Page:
For those healthcare employers that have been resting on your laurels and viewing through rose-colored glasses your entity’s HIPAA (Health Insurance Portability and Accountability Act of 1996) and HITECH (Health Information Technology for Economic and Clinical Health) compliance efforts, the time has come to thoroughly clean your glasses and prepare for increased Office of Civil Rights (“OCR”) enforcement actions.  Speaking at the recent National HIPAA Summit, the OCR’s Director, Leon Rodriguez, announced that the OCR intends to follow the Office of Inspector General’s (“OIG”) vigilant enforcement model for HIPAA violations.  The OCR intends to focus its enforcement efforts on both “common-sense” patient confidentiality and breach violations.  In addition, the OCR continues to work on audits of covered entities.

First OCR HITECH Breach Settlement

Making history as the OCR’s first HITECH Breach Notification violation settlement, Blue Cross Blue Shield (BCBS) of Tennessee recently settled with the OCR for approximately $1.5 million.    The ground-breaking settlement illustrates the OCR’s increased focus on penalizing non-compliant healthcare entities.  Further, it indicates the OCR is effectively working the kinks out of its HITECH breach investigative process and is not afraid to levy hefty fines on those healthcare organizations deemed to be sub-par in their patient privacy and security compliance efforts.  BCBS reported around 57 hard drives containing protected health information (PHI) were stolen from a leased facility.

Fines Levied only Small Fraction of HIPAA Violation Cost

BCBS reportedly spent about $18.5 million on its investigation of the reported HIPAA violations.  Besides the obvious costs of managing its response to the government’s investigation, this hefty price tag included paying for the following:

  • informing patients of their patient information leak;
  • hiring a data recovery specialist to analyze the extent of the breach;
  • review and improvement of the organization’s overall HIPAA compliance; and
  • approximately 500 BCBS employees to assist with the investigation.

Phoenix Physician Group Targeted Through Settlement

 In addition, last month, Cardiac Phoenix Surgery reached a $100,000 settlement with the OCR for failure to properly safeguard its patient information.   The investigation began with a claim that the group posted appointments for its patients on a publicly accessible calendar.  Through its extensive investigation, the OCR discovered the physician group’s general failure to safeguard its PHI through limited policies and other safeguards.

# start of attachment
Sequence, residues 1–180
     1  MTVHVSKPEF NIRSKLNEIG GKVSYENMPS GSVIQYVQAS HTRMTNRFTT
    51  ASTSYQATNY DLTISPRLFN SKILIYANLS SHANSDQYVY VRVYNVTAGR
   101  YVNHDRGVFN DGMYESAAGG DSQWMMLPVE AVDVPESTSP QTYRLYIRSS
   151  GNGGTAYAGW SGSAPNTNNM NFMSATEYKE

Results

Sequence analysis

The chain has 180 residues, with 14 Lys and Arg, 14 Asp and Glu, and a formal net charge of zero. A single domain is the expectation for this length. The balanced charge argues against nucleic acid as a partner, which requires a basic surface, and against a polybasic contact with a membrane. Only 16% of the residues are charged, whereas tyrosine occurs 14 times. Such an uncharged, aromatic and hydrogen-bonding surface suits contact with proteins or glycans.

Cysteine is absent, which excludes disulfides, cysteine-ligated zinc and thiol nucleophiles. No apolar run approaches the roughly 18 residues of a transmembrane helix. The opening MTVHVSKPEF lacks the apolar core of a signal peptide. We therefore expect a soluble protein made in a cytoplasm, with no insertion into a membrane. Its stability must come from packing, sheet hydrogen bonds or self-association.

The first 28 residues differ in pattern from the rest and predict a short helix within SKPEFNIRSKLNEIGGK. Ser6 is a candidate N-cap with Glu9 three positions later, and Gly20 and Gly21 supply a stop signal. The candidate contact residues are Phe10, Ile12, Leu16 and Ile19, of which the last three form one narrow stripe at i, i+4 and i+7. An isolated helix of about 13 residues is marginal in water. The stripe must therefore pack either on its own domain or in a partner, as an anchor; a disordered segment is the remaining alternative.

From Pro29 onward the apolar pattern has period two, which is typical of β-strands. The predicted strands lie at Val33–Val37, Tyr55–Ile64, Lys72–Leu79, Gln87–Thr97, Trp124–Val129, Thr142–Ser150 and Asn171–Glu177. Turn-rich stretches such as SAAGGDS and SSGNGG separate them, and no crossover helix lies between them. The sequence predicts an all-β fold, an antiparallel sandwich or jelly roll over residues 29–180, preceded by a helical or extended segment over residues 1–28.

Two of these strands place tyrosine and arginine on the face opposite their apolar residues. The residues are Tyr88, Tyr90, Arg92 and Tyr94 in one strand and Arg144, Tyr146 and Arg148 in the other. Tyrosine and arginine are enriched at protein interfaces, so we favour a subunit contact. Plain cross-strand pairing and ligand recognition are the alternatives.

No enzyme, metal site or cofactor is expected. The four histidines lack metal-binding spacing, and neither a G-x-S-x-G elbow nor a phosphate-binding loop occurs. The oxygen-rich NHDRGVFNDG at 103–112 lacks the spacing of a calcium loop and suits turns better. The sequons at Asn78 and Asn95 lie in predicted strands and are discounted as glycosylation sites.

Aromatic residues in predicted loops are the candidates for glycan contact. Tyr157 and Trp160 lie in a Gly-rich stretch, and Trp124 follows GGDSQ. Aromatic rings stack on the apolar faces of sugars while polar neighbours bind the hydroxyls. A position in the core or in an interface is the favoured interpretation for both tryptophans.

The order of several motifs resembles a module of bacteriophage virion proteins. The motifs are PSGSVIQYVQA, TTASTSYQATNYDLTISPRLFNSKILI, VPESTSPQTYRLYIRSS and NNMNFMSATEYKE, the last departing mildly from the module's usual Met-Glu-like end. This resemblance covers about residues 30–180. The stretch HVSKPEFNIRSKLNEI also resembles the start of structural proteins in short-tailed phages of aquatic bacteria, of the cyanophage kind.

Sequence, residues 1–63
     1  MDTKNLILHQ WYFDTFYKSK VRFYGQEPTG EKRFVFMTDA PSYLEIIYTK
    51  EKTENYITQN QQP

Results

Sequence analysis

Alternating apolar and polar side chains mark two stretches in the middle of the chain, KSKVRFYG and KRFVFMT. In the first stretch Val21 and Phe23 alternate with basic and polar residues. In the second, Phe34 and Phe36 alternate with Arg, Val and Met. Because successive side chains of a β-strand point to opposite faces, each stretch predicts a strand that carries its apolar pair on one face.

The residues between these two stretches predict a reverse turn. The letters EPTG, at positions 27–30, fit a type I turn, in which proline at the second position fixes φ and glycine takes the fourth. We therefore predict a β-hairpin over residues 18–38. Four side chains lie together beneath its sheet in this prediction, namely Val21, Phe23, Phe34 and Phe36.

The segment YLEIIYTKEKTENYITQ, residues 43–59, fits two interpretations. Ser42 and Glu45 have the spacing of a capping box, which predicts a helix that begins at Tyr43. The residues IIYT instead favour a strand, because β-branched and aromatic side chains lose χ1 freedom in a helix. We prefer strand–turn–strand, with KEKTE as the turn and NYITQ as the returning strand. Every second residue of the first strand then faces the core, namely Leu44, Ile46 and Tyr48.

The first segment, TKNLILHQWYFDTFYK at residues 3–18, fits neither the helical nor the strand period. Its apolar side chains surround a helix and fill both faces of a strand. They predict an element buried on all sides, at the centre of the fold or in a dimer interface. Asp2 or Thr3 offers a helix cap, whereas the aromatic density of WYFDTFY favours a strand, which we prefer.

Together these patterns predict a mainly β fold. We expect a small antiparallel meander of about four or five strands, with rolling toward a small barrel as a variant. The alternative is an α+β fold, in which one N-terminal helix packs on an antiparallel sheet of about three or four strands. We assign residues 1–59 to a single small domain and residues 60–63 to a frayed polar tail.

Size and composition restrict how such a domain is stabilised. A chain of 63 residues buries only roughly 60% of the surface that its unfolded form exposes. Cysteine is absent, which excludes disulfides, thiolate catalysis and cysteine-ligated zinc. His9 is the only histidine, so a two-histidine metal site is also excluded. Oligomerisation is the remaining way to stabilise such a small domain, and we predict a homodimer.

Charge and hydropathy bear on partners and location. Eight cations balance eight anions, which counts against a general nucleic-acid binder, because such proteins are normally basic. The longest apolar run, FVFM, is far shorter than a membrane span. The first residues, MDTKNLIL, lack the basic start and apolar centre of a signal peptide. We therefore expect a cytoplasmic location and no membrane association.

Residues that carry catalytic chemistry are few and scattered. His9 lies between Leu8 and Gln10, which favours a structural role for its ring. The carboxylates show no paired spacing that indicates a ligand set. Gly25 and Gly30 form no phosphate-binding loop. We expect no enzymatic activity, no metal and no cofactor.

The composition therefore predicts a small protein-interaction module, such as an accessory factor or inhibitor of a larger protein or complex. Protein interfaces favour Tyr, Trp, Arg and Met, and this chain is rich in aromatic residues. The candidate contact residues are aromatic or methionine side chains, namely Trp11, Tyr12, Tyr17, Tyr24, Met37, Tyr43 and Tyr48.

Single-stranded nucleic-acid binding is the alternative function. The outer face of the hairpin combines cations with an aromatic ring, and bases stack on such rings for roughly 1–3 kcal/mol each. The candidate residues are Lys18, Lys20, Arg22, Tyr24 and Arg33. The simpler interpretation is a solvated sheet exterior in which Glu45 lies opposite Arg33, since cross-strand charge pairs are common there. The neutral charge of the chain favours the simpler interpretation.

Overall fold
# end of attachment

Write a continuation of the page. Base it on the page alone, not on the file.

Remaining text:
Many physicians and physician groups have long believed they are immune from government scrutiny for general compliance enforcement, including patient confidentiality.   However, the recent settlements should cause physicians and their groups, along with other healthcare entities, to embrace the applicable regulatory requirements to better safeguard protected health information before it is too late.

What Employers Need to Know to Avoid Becoming HIPAA Violation Targets

Both the OCR’s recent enforcement announcement and its settlements serve as wake-up calls to healthcare employers to avoid complacency with their patient privacy and security compliance efforts. Increased government scrutiny is certainly here to stay.  To avoid becoming a target on the OCR’s investigative radar, healthcare facilities and companies should adopt the following objectives:

  • routinely assess their privacy and security policies to evaluate whether there is adequate protection of its PHI under the letter of both state and federal laws and regulations;
  • annual training of staff and other healthcare providers on these requirements; and
  • perform routine risk assessments to identify any potential holes in its HIPAA-related compliance.

By adopting these focused compliance efforts, a healthcare entity may not necessarily escape the OCR’s probing gaze, but will certainly reduce the possibility that a violation will be found, as well as lessen the monetary damage if non-compliance is detected.


Back to Health Law Advisor Blog

Search This Blog

Blog Editors

Related Services



Jump to Page


Sign up to receive an email notification when new Health Law Advisor posts are published:

Privacy Preference Center

When you visit any website, it may store or retrieve information on your browser, mostly in the form of cookies. This information might be about you, your preferences or your device and is mostly used to make the site work as you expect it to. The information does not usually directly identify you, but it can give you a more personalized web experience. Because we respect your right to privacy, you can choose not to allow some types of cookies. Click on the different category headings to find out more and change our default settings. However, blocking some types of cookies may impact your experience of the site and the services we are able to offer.

Strictly Necessary Cookies

These cookies are necessary for the website to function and cannot be switched off in our systems. They are usually only set in response to actions made by you which amount to a request for services, such as setting your privacy preferences, logging in or filling in forms. You can set your browser to block or alert you about these cookies, but some parts of the site will not then work. These cookies do not store any personally identifiable information.

Performance Cookies

These cookies allow us to count visits and traffic sources so we can measure and improve the performance of our site. They help us to know which pages are the most and least popular and see how visitors move around the site. All information these cookies collect is aggregated and therefore anonymous. If you do not allow these cookies we will not know when you have visited our site, and will not be able to monitor its performance.